But they are not just easy to grow as plants, they are also super easy to start from seed too. If you are interested in dabbling with seed starting, I highly recommend beginning with something easy like zinnias, sunflowers, nasturtiums, or calendula.
Gorgeous Zinnia Flowers
To grow a zinnia is to love them because you just can’t beat those beautiful and vibrant flowers!
Zinnias come in a wide range of colors, from bright pinks and oranges to soft pastels and whites. They have a unique, daisy-like shape that is eye-catching and attractive, making them a popular choice for garden beds, borders, and containers.
Zinnias not only look good in the garden, but they also make great cut flowers for arrangements that can be used in your home.
Zinnias produce a profusion of blooms throughout the growing season. The blooms begin in early to midsummer and last well into fall.
And with regular deadheading, the blooms can last for weeks. This makes them a great choice for cut flower arrangements, as well as for adding color and interest to your garden.
You’ll know when the plant is done for the season when it starts to get a powdery mildew on the foliage. This happens in my gardening zone 6a zinnias in about mid-September.
They’ll still produce flowers though, so I keep cutting them until they are truly done for the year.
And last year while setting my outdoor dining table for a garden party, one landed right on my centerpiece with fresh-cut zinnias from the garden.
It was so fun to see that!
The Best Cutting Flowers for Bouquets
What I love most about zinnias, is that they look amazing both in the garden and a bouquet.
Zinnias are one of my favorite flowers to grow and cut for arrangements. Here’s why.
- They come in a variety of sizes and colors
- Have a long vase life
- Easy to grow
- They produce so many blooms all season long
- Pollinators enjoy them
- Simple to cut and arrange
How to Start Zinnia Flowers from Seed
Seeding zinnias is a cost-effective and rewarding way to grow these beautiful flowers, as well as get a head start on the season.
You’ll have greater access to the many varieties of zinnias available, so they are worth growing from seed if you are up to it.
Planting zinnia seeds is super simple to do. And the best part? You can start them both inside or out. If you choose to start them outdoors, wait until after your last frost date.
If you are not sure when to plant zinnia seeds, you’ll need to know your last frost date and count about 4-6 weeks before.
- Seed Starting Potting Soil
- Seed Trays
- Bottom or Drainage Trays
- Clear Dome Lids
- Grow Lights
- Table or Shelf System for Seedlings
- Heat Mat
- Plant Labels
- Oscillating Fan
- Programmable Timer
Directions for Seeding Zinnias Indoors
- Zinnias can be started indoors about 4-6 weeks before the last expected frost in your locality. Use a seed starting tray or small pots with drainage holes filled with a quality organic seed starter mix that is pre-moistened. I start mine under grow lights and have found great success starting them in both my basement and sunroom.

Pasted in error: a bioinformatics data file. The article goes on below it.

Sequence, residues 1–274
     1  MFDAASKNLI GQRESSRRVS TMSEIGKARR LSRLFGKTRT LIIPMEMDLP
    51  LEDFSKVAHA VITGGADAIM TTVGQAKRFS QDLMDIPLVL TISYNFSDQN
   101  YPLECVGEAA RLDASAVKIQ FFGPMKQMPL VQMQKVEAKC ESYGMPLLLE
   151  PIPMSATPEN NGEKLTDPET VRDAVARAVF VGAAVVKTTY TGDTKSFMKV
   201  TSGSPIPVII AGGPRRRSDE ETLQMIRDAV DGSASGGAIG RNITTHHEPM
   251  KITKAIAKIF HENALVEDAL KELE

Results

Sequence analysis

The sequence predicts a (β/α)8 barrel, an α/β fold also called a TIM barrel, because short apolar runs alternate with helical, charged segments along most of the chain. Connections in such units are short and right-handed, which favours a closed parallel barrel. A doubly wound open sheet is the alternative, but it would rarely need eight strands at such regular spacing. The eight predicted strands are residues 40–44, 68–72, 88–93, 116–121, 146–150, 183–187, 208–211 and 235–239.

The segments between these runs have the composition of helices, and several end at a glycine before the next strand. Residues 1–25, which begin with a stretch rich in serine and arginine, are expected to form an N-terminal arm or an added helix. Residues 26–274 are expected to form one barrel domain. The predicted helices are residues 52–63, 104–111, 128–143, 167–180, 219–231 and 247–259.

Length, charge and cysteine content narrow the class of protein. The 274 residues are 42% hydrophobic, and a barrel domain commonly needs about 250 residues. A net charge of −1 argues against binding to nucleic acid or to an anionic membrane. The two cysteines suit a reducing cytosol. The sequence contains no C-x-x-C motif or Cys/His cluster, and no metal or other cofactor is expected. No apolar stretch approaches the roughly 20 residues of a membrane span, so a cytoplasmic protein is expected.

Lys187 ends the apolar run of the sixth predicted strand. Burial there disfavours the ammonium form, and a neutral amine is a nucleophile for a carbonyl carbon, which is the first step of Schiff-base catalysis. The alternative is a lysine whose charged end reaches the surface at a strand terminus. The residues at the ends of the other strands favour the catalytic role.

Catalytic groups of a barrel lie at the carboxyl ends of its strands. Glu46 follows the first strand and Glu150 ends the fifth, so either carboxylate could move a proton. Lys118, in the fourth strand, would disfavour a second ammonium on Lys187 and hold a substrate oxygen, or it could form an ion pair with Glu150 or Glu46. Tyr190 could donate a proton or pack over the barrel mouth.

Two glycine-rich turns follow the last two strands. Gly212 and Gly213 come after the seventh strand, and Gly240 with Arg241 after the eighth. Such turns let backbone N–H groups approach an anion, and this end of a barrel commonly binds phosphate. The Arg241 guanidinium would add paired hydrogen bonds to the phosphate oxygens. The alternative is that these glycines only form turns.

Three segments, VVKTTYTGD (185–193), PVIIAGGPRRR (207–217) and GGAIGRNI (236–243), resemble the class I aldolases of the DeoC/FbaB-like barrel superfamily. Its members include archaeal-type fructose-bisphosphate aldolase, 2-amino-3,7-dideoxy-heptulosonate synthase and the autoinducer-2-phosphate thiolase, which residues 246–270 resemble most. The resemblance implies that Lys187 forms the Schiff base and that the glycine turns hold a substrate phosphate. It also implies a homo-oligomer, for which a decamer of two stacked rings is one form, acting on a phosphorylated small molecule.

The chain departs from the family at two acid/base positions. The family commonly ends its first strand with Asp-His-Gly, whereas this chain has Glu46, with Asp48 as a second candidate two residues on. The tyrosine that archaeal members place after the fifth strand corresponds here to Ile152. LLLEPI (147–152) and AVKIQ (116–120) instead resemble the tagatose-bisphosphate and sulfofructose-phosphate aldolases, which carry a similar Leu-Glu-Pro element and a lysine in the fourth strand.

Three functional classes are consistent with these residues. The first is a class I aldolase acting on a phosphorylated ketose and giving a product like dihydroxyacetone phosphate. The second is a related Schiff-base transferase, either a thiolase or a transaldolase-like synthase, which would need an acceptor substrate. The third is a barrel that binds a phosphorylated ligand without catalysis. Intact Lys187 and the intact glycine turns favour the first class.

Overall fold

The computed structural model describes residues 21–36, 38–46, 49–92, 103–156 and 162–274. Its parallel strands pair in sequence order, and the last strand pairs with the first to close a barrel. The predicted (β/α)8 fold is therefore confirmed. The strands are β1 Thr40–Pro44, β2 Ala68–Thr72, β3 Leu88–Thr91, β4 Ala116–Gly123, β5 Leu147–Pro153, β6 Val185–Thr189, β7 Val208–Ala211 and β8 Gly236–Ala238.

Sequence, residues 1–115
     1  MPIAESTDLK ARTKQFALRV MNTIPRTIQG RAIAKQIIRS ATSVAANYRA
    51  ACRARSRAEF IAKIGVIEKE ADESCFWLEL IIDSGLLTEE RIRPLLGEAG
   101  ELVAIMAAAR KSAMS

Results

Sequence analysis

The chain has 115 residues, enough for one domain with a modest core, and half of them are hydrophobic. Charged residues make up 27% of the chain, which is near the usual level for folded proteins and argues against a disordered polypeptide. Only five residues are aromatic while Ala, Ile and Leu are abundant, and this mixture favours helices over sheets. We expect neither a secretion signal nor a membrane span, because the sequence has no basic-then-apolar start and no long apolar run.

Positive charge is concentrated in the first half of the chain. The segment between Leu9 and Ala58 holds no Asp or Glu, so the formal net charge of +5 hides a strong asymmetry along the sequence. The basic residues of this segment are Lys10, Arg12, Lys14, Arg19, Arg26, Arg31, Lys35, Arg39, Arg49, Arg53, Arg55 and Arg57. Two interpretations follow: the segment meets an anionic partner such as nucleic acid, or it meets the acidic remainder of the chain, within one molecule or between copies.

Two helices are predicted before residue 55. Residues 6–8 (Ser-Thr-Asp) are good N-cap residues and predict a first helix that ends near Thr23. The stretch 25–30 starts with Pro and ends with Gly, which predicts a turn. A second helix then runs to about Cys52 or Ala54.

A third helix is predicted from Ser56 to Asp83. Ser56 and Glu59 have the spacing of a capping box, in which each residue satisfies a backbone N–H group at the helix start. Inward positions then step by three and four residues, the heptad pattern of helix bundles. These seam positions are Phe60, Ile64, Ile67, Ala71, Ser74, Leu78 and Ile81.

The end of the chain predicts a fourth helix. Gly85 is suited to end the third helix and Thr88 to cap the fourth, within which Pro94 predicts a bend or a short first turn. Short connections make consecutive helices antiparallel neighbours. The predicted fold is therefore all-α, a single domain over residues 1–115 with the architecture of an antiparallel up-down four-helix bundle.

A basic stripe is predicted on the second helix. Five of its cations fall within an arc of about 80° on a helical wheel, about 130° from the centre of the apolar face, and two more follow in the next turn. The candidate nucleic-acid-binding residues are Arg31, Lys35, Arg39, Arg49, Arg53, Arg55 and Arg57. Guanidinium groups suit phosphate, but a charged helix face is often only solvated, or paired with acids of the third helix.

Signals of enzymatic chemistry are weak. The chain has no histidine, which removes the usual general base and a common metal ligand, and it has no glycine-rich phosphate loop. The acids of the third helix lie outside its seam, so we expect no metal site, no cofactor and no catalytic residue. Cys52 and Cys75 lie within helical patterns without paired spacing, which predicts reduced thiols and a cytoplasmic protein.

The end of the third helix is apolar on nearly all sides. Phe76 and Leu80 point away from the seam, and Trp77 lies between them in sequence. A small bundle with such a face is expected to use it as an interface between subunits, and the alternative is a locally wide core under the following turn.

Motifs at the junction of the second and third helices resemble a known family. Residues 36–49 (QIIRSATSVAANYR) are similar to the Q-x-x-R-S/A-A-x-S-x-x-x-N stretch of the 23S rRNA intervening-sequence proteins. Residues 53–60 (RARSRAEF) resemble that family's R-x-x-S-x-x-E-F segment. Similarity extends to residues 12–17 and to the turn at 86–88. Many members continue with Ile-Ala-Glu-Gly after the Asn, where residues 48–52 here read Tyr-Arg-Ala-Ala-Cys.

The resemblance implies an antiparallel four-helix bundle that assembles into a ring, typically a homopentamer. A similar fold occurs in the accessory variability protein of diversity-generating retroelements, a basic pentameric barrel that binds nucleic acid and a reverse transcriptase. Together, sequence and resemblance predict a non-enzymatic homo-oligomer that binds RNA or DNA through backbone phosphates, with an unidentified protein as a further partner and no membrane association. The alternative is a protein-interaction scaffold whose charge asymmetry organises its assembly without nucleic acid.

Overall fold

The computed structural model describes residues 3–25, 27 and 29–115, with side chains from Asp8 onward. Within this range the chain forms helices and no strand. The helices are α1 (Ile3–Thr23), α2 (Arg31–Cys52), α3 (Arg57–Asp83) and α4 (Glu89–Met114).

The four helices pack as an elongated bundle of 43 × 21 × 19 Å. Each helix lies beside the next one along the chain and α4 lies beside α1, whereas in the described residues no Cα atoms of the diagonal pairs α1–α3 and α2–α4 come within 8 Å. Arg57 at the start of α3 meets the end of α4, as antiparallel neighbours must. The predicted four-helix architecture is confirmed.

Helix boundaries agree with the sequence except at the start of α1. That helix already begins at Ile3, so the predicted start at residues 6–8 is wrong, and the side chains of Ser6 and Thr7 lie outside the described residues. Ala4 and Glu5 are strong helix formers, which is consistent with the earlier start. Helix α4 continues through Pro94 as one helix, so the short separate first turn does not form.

- Make a small hole then sow the seeds then lightly cover them with vermiculite. Sow only one variety per cell tray as the different plants will germinate at different times.
- Cover seed trays with a clear dome and move them under the grow lights on a heat mat to speed up germination. They typically germinate within a few days to a week.
- Remove the cover when the seeds start to germinate. It’s OK if they didn’t all germinate, more will grow after the cover is removed.
- Keep soil moist by bottom watering only.
- Before transplanting zinnia seedlings outdoors, harden them off by gradually exposing them to outdoor conditions over a period of 14 days.
- When seedlings are hardened off and ready to plant in the garden, space zinnia transplants about 9 inches apart after the last frost date.
- Water young plants regularly, keeping the soil moist but not waterlogged. Feed with an organic fish fertilizer for a few weeks and then use a slow-release fertilizer so feeding them is set-and-forget. This will help promote healthy growth and lots of blooms.
How to Enjoy Zinnias From Your Cut Flower Garden
Zinnias are beautiful and long-lasting cut flowers that can brighten up any room. To help prolong the flowers in a vase, here are some tips to follow.
- Always start with a clean vase or floral foam.
- Prepare each flower for the arrangement. If you are cutting your own flowers, start with the freshest flowers you can find. Look for flowers that are just starting to open, with sturdy stems and bright, vibrant colors.
- Cut the stems at a 45-degree angle using sharp garden snips or scissors. Cut the stems early in the morning when the plants are still cool and hydrated.
- Remove any leaves or thorns from the lower part of the stems that will be submerged in water. This will help prevent bacteria growth and keep the water clean.
- Immediately after cutting, place the stems in a vase filled with clean, lukewarm water. And allow them to sit for a few hours so they acclimate to life in a vase.
- Re-cut stems on an angle and arrange flowers in a second vase with room temperature water.
- Add flower food to the water to help extend the life of the flowers. Alternatively, you can make your own flower food by mixing a quart of water with 2 crushed aspirins, a teaspoon of sugar, and a teaspoon of bleach.
- Keep flowers in a cool shady spot that is away from direct sunlight and drafts.
Do Zinnias Come Back Every Year?
Those new to growing them sometimes wonder whether to consider zinnias annual or perennial.